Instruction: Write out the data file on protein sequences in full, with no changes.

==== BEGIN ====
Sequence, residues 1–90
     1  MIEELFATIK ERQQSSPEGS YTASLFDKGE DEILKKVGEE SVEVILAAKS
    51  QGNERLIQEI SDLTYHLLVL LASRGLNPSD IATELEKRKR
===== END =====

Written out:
Sequence, residues 1–90
     1  MIEELFATIK ERQQSSPEGS YTASLFDKGE DEILKKVGEE SVEVILAAKS
    51  QGNERLIQEI SDLTYHLLVL LASRGLNPSD IATELEKRKR